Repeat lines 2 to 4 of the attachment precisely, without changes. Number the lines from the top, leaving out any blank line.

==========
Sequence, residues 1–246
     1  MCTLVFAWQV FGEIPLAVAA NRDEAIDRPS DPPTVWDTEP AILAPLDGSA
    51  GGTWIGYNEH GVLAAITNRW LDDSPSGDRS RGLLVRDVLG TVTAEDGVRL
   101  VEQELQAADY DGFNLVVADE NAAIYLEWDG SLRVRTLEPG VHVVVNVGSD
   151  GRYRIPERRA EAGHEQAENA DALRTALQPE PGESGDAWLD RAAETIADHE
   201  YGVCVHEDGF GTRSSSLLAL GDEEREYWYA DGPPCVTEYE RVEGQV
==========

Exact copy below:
     1  MCTLVFAWQV FGEIPLAVAA NRDEAIDRPS DPPTVWDTEP AILAPLDGSA
    51  GGTWIGYNEH GVLAAITNRW LDDSPSGDRS RGLLVRDVLG TVTAEDGVRL
   101  VEQELQAADY DGFNLVVADE NAAIYLEWDG SLRVRTLEPG VHVVVNVGSD